In both our August 2015 and March 2016 blog posts, we discussed the importance of frequently reviewing your estate planning documents, as personal and financial circumstances can constantly change. Failing to make necessary revisions to your estate planning documents may result in unintended consequences that do not accurately reflect your wishes, intentions and goals.
We have previously suggested that completing a periodic review of your assets and liabilities is prudent to ensure no major changes have occurred. As well, reviewing asset ownership and beneficiary designations are necessary steps to ensuring consistency with an established estate plan. A fulsome review of your estate planning documents will also allow you to consider whether executor, trustee and guardian for minor children appointments still make sense in light of current relationships, location of the appointed individuals, and the ability and practicality of individuals named for each role.
Changes to family circumstances, such as a child’s divorce, the birth of a grandchild, providing financial assistance to a family member, or acquiring property outside of Ontario, to name a few, may impact an estate plan.
Not only should estate plans be frequently reviewed, legal and tax changes, both nationally and across the border, should also be front of mind, in order to prevent a situation where you are no longer compliant with current laws. For example: the types of trust structures that can be put in place, taxation changes, and amendments to estate administration legislation. There have recently been a few noteworthy changes that directly impact estate planning.
On April 1, 2018 the prescribed rate of 1% is slated to increase to 2%. A prescribed rate loan allows for income splitting among family members in lower tax brackets and is commonly used in conjunction with inter vivos family trust, where the settlor, typically the high income earner, makes a loan to the trust. The prescribed rate interest must be paid to the lender by January 30 of the following year. Families looking to set up an income-splitting family trust should consider moving forward before this looming deadline. Please see our advisory on using a trust in your estate plan for more information.
Parliament also recently enacted changes to the Income Tax Act. On January 1, 2018, new measures took effect for Canadians with private corporations who use income sprinkling for tax planning purposes among specified family members. These changes address concerns that business owners benefited from unfair tax advantages by splitting income with family members who did not contribute to their business. However, such measures have been substantially revamped since they were introduced last summer. Please see our recent blog. Canadians with private corporate holdings should ensure that their estate and tax planning complies with the new amendments.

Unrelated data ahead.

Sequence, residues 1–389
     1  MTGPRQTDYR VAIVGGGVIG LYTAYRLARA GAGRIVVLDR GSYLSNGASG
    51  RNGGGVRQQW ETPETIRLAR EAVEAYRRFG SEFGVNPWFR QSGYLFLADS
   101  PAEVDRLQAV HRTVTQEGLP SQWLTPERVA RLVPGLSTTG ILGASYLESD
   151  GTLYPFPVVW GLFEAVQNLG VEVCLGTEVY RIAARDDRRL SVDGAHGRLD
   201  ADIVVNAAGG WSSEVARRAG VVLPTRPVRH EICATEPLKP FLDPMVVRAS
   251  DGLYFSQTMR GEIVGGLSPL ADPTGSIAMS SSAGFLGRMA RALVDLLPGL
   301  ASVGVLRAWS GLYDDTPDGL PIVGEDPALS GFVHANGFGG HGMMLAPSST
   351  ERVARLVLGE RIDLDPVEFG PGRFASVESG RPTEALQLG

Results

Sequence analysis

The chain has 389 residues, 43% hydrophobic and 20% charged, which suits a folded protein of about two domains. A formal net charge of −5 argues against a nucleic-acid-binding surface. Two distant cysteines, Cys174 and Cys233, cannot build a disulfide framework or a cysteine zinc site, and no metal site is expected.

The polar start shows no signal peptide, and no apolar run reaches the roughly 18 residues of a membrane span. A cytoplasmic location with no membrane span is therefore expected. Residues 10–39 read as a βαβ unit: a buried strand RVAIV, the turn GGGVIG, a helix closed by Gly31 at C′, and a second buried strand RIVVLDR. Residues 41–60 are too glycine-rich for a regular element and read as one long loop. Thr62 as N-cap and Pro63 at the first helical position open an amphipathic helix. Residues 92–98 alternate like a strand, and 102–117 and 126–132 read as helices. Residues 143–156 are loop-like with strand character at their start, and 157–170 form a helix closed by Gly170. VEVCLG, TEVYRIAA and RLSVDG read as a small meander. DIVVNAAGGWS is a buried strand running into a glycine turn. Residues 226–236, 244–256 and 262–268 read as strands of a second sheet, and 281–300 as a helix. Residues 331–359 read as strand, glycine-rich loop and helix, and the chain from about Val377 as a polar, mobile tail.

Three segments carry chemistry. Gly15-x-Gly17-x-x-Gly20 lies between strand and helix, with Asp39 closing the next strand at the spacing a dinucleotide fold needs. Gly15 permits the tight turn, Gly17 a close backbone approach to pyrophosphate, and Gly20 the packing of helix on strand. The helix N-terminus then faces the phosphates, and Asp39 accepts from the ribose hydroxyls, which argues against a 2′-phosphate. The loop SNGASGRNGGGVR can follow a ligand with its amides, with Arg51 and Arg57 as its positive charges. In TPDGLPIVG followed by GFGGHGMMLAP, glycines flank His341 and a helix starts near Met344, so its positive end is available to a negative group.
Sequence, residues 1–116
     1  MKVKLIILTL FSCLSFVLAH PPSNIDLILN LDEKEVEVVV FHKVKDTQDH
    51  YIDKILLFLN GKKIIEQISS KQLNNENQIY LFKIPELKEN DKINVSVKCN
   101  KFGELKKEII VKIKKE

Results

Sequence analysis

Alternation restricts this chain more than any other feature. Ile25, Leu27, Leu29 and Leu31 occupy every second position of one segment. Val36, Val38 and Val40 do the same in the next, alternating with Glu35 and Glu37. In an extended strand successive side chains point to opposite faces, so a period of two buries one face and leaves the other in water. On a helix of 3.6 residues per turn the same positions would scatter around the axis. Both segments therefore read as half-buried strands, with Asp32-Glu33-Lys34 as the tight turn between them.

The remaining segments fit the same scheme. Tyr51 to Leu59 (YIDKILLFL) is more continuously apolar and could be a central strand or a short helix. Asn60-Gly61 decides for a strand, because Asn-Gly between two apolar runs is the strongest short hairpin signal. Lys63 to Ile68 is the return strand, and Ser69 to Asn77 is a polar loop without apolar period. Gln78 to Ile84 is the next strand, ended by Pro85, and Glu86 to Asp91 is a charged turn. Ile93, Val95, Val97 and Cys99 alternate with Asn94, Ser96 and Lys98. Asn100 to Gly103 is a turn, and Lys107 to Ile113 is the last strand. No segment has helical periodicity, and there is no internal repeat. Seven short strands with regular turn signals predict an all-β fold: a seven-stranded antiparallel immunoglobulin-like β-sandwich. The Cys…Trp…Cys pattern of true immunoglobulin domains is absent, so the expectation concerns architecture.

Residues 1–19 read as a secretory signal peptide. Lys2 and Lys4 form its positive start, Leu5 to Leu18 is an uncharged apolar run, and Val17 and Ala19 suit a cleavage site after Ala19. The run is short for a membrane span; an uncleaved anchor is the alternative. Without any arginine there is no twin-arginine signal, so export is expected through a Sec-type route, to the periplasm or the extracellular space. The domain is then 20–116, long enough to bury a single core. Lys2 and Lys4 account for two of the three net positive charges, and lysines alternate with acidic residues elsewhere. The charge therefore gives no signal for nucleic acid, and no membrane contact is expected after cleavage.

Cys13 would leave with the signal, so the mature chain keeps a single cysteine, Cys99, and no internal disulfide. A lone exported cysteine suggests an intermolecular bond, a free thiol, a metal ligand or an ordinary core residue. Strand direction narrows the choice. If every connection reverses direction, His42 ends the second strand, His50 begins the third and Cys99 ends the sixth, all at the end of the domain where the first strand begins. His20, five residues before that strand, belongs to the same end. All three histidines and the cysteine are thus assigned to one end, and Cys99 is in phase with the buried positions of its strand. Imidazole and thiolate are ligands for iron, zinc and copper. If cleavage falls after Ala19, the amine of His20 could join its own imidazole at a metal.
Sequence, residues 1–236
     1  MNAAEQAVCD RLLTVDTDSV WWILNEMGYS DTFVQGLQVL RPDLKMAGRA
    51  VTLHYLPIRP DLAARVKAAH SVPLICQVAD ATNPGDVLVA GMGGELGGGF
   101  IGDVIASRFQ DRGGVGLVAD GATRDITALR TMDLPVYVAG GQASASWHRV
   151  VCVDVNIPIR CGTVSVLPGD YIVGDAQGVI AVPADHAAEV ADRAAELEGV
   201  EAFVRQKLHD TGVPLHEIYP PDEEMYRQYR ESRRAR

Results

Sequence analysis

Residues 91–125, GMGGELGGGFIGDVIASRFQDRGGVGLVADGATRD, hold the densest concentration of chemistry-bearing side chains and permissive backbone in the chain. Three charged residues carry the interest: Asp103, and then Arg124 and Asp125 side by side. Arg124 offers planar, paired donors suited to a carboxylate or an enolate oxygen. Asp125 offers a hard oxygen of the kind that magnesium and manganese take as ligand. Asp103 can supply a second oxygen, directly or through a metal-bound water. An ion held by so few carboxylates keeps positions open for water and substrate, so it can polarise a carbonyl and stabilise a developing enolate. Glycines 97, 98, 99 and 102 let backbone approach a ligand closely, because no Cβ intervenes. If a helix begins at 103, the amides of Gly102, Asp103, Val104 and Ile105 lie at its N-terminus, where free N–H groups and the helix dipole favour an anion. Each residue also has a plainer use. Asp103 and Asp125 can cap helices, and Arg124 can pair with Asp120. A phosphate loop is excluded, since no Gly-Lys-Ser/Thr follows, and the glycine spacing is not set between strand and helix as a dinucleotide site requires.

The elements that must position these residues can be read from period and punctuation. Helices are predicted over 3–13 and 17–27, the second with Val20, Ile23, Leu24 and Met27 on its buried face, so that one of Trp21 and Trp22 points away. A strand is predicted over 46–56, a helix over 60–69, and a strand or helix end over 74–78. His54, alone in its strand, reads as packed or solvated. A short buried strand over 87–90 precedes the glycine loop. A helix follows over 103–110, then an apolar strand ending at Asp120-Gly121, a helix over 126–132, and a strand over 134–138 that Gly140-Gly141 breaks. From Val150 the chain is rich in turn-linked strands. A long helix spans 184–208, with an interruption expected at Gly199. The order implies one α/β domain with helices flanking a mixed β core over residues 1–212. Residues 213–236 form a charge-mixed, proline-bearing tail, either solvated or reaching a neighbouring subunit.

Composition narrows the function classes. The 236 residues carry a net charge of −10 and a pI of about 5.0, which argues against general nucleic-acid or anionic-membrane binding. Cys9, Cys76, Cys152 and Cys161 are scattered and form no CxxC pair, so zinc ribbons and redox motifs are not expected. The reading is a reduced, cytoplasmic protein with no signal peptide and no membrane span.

The definition of “child” and “issue” has also changed under newly enacted Ontario legislation, All Families Are Equal Act (Parentage and Related Registrations Statute Law Amendments), 2016, which includes a broader definition for who is considered to be a “child”, specifically both biological and adopted children, as well as children not yet born at date of death, in an attempt to reflect modern day parentage. When reviewing your estate planning, you may wish to take these changes into consideration and whether further planning is required. Please review our recent blog that discusses these expanded definitions in more detail.
As noted in our recent blog on U.S. tax reform, our U.S. neighbours, in December 2017, underwent one of the most significant tax reforms in the country’s history. This reform resulted in, among other things, an increase in the estate tax exemption upon death. U.S. persons now have an exemption of approximately $11.2 million USD, indexed for inflation, and $22.4 million for a married U.S. couple. This allows for those with U.S. connections to revise their estate planning accordingly, in some cases simplifying what used to be a complex structure. However, these exemptions are not permanent.
It is important that personal, family, legal and tax changes are considered on a regular basis, as your estate plan is only useful if it is up-to-date. If your circumstances have changed, or if you think recent legislation or tax changes may affect your estate plan, we recommend seeking professional advice to ensure your estate planning documents are modified accordingly.
Wishing everyone a Happy Valentine’s Day ♥
The comments offered in this article are meant to be general in nature, are limited to the law of Ontario, Canada, and are not intended to provide legal or tax advice on any individual situation. In particular, they are not intended to provide U.S. legal or tax advice. Before taking any action involving your individual situation, you should seek legal advice to ensure it is appropriate to your personal circumstances.